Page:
- [Crystal] I think for me, what happened was when my grandmother passed, I came up with the idea of the kitchen ghost, but I realized that almost nothing we do is sort of isolated in our time. Everything reaches back. In the bread chapter, I say there has always been bread. And I started thinking about how important it was for my grandmother to have bread, and it was always homemade bread, so it was biscuits and it was cornbread. And I began to trace the lineage of bread. What would bread have looked like in Aggie's time with the rations she would've had available to her as an enslaved woman? I started thinking about that and just why we do a certain thing or why... Saw flour that can only be found in this region to make the perfect southern biscuit. It's not that northerners can't make biscuits. They can, but it's in the ingredients too. So sometimes even the ingredients are regional.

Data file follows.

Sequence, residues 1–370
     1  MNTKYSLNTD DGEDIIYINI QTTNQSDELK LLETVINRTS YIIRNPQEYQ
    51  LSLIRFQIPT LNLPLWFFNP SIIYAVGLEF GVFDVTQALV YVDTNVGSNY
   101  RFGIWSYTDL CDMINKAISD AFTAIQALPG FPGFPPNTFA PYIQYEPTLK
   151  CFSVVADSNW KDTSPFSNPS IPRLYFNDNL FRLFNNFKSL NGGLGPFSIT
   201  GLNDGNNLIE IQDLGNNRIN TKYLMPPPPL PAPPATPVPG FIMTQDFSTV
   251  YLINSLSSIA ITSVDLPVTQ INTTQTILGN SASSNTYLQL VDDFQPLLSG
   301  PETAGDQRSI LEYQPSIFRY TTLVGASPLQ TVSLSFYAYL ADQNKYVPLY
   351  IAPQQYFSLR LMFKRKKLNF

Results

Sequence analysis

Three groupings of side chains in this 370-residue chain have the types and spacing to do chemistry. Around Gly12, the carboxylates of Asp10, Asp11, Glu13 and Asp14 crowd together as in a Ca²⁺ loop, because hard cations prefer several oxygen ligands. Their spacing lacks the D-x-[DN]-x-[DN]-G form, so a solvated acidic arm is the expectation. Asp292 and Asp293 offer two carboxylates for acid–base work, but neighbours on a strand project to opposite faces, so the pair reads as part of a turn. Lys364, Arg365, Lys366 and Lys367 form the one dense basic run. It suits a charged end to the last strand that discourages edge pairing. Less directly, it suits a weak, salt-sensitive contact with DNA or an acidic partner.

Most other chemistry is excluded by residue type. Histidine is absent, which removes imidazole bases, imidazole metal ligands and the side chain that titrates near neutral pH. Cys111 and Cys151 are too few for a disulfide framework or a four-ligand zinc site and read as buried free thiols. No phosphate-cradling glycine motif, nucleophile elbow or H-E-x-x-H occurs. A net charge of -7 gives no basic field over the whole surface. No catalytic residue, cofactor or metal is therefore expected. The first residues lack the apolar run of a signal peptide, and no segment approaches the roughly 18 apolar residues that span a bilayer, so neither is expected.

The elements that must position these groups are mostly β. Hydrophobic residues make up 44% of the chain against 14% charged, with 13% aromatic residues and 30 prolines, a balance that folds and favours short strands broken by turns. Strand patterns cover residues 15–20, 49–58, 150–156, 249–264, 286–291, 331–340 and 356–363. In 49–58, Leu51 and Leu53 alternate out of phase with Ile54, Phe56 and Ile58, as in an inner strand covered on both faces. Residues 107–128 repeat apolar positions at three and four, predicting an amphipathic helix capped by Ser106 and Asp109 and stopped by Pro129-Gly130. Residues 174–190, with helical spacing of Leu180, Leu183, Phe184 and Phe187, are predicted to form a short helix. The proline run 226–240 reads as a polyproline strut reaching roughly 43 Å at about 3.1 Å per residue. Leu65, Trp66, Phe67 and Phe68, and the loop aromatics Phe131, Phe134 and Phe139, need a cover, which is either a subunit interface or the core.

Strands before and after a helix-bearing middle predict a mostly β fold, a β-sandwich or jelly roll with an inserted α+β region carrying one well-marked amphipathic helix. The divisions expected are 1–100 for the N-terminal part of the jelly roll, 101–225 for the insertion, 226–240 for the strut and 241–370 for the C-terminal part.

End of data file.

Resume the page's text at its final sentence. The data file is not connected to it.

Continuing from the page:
- [Shannon] So tell me about some of the things that you cook if you have a certain emotion? Is there some time when you're feeling, I don't know, if you're feeling sad or if you're feeling disconnected, do you turn to a certain thing you want to cook?

- [Crystal] I think bread making brings it all back, the quickest way to sort of commune with the ancestors, if you will, or to sort of meditate through while cooking. I've got what's been wonderful social media is to see all of these attempts at the biscuits that people send me. And I think biscuits are really simple to make, but they also help me sort of commune with the ancestors when I'm making biscuits or cornbread and the smell of the cornbread, the sizzle of it going into the skillet.

- [Shannon] When you were doing the research, is there anything that surprised you?

- [Crystal] Well, perhaps thinking about my mother and her need for birthday celebration. And thinking about sort of the history of black people not being able to celebrate during enslavement, not knowing their birthdays. That was a surprise.

- [Shannon] That was a lovely part. You tell a little bit about your mother loved her birthdays. She just-